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Pioneering plastic-eating enzyme centre opens to industry

June 7, 2022

The University of Portsmouth’s Centre for Enzyme Innovation (CEI) has opened its new Industrial Engagement Hub (IEH).  This pioneering research centre is creating solutions to the global plastic pollution problem.  The IEH brings together researchers and businesses to develop enzyme-enabled technologies for the recycling and upcycling of plastic waste at industrial scale.

Through the IEH, the University now have the capabilities to bridge the gap between the fundamental research and industrial application: from the “discovery” of new plastic degrading enzymes; to “engineering” these enzymes for high stability, activity and yield; “deploying” the enzymes in bio-recycling processes at pilot scale; and then “applying” the enzymes in a full circular process. They are now ready for collaboration with industry and the third sector to enable scaling, exploitation and societal impact of these technologies: with the potential to reduce energy usage & greenhouse gas emissions and enhance circularity.

The CEI, which launched in 2019, was established following research by the Centre’s Director Professor John McGeehan which re-engineered a naturally occurring enzyme that was able to digest polyethylene terephthalate (PET). PET is the most common thermoplastic, used to make single-use drinks bottles, clothing and carpets and it takes hundreds of years to break down in the environment.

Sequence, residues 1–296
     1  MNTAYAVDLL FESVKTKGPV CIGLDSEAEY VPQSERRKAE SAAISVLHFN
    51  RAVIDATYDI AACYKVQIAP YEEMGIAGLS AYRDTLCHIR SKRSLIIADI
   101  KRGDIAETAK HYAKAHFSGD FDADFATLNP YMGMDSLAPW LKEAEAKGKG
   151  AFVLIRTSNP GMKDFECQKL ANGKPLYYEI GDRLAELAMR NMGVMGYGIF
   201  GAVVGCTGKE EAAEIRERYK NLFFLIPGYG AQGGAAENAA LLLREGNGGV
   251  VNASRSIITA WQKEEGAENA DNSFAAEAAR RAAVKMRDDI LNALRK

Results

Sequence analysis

The plastic-eating PETase enzyme breaks down PET back into its building blocks, creating an opportunity to recycle plastic infinitely and reduce plastic pollution and the greenhouse gases driving climate change.

The IEH will provide the Centre with new state-of-the-art Polymer Analysis, Polymer Synthesis and Biorecycling laboratories, alongside an Innovation Space and expanded Postgraduate Suite.

Professor McGeehan said:

“These new facilities will help us to bridge the gap between our current fundamental research, and the creation of practical and scalable enzyme-enabled technologies for recycling and upcycling plastic waste. In short, these facilities allow us to break, make, break and remake plastics over and over again so that we can develop true industrial recycling processes and partnerships.

“Thanks to our global reputation, we are already working in collaboration with industry and some of the world’s biggest companies to recycle and reuse those materials that are currently often incinerated, sent to landfill and leak into the environment. These are things like mixed waste, where the plastics are unable to be sorted by recycling facilities, because of poor quality, dirty plastic or composite materials, which are made up of different types of plastics and polymers, and can be difficult to recycle at present.”

The IEH has been made possible by £1.7million investment from the HM Government Getting Building Fund through the Solent LEP and the University of Portsmouth.

Rory Miles, Innovation Fellow for the CEI, said:

“The plastic pollution crisis is one of the most urgent challenges of our time and our vision is to develop solutions which can ultimately stem the flow of plastics into the natural environment.

“But enzymes alone are not enough. We need to translate this fundamental science into real-world applications and processes that can be commercialised and scaled-up to match the vast scale of the plastic pollution problem. The IEH will help enable us to realise this ambition, through its delivery of bespoke facilities that enhance our collaboration with partners on a regional, national and international basis.”

Image by Upix Photography.

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